What advice do you have for aspiring writers?
1. Read a lot, and read widely.
2. Write every day.
3. Find a few people with whom you can share your work, and on whom you can count to provide honest, tactful criticism.
That’s the best I’ve got.
Where do you get your ideas?
I think what people are really asking when they ask this question is, “Is there something—a device or a ritual maybe—that inspires you to write fiction, which would also inspire me to write fiction?”
And the answer to that question is, “Probably not.” The thing that triggers a story idea for me—a newspaper article, a snatch of conversation, personal history, whatever—isn’t in all likelihood going to trigger the same story idea in you, or for that matter, vice versa. Sorry. I believe that good writing can, to a certain degree, be taught. Inspiration is more nebulous and individual.
Here’s one suggestion: Try brainstorming with a friend.
Here’s one other suggestion: Sacrifice a block of tofu to the God of Square Food. Wait patiently. No promises, but something may come to you. This is what is known in the business as the Agatha Christie Method. In order to gain access to all of the devious mysteries locked inside her head, the legendary authoress killed thousands upon thousands of defenseless soy blocks, and dedicated them all to the God of Square Food. He rewarded Christie with a steady stream of wonderful story ideas. Moral? You be the judge. Brutal? Undoubtedly. But consider the benefit accrued by the reading public as a whole.
What are some of your favorite books?
If you’re planning on being stranded on a desert island, or locked in an unassailable tower, here are twenty-five or so books that I frequently and unreservedly recommend, and which should keep you occupied for a few months. I doubt they’ll be very tasty eating, though, so you better concentrate on fashioning a spear or something (a bird-catching net you can poke out the portcullis?) before you get too wrapped up in the literature.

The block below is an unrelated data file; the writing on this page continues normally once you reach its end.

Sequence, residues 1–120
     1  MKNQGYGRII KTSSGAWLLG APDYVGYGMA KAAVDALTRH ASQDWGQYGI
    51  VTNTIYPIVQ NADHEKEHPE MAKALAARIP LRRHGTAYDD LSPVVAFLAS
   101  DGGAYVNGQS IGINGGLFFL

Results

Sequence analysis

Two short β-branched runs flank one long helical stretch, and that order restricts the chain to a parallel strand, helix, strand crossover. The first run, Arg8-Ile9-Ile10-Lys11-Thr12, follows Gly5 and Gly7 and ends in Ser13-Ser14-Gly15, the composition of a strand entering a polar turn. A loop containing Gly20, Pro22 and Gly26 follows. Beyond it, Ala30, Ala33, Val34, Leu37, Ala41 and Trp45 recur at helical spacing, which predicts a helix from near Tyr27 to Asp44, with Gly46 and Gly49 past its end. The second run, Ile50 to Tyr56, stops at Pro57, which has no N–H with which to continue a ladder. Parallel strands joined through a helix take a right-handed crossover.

End of Story by Peter Abrahams, Case Histories by Kate Atkinson, Save Yourself by Kelly Braffet, Wuthering Heights by Emily Bronte, The Master and Margarita by Mikhail Bulgakov, The Deptford Trilogy by Robertson Davies, Great Expectations by Charles Dickens, Crime and Punishment by Fyodor Dostoyevsky, The Corrections by Jonathan Franzen, I, Claudius by Robert Graves, Our Man In Havana by Graham Greene, Arcadia by Lauren Groff, The Northern Clemency by Philip Hensher, The Flamethrowers by Rachel Kushner, Gentlemen Prefer Blondes by Anita Loos, Lonesome Dove by Larry McMurtry, The Book of Ralph by John McNally, The People’s Act of Love by James Meek, Goats by Mark Jude Poirier, His Dark Materials by Philip Pullman, Haroun and the Sea of Stories by Salman Rushdie, Straight Man by Richard Russo, Voodoo Heart by Scott Snyder, The Prime of Miss Jean Brodie by Muriel Spark, Dog Soldiers by Robert Stone, The Loved One by Evelyn Waugh, The Sirens of Titan by Kurt Vonnegut Jr., Infinite Jest by David Foster Wallace, Sag Harbor by Colson Whitehead, To Say Nothing of the Dog by Connie Willis, Native Son by Richard Wright
You used to be my friend on MySpace, but now you’re gone. What happened? Are we still friends?
First of all, we are still friends. We will always be friends.
Anyway, I just decided that one Web site was all I could handle.
Update! (11/26/11): I have established a facebook presence!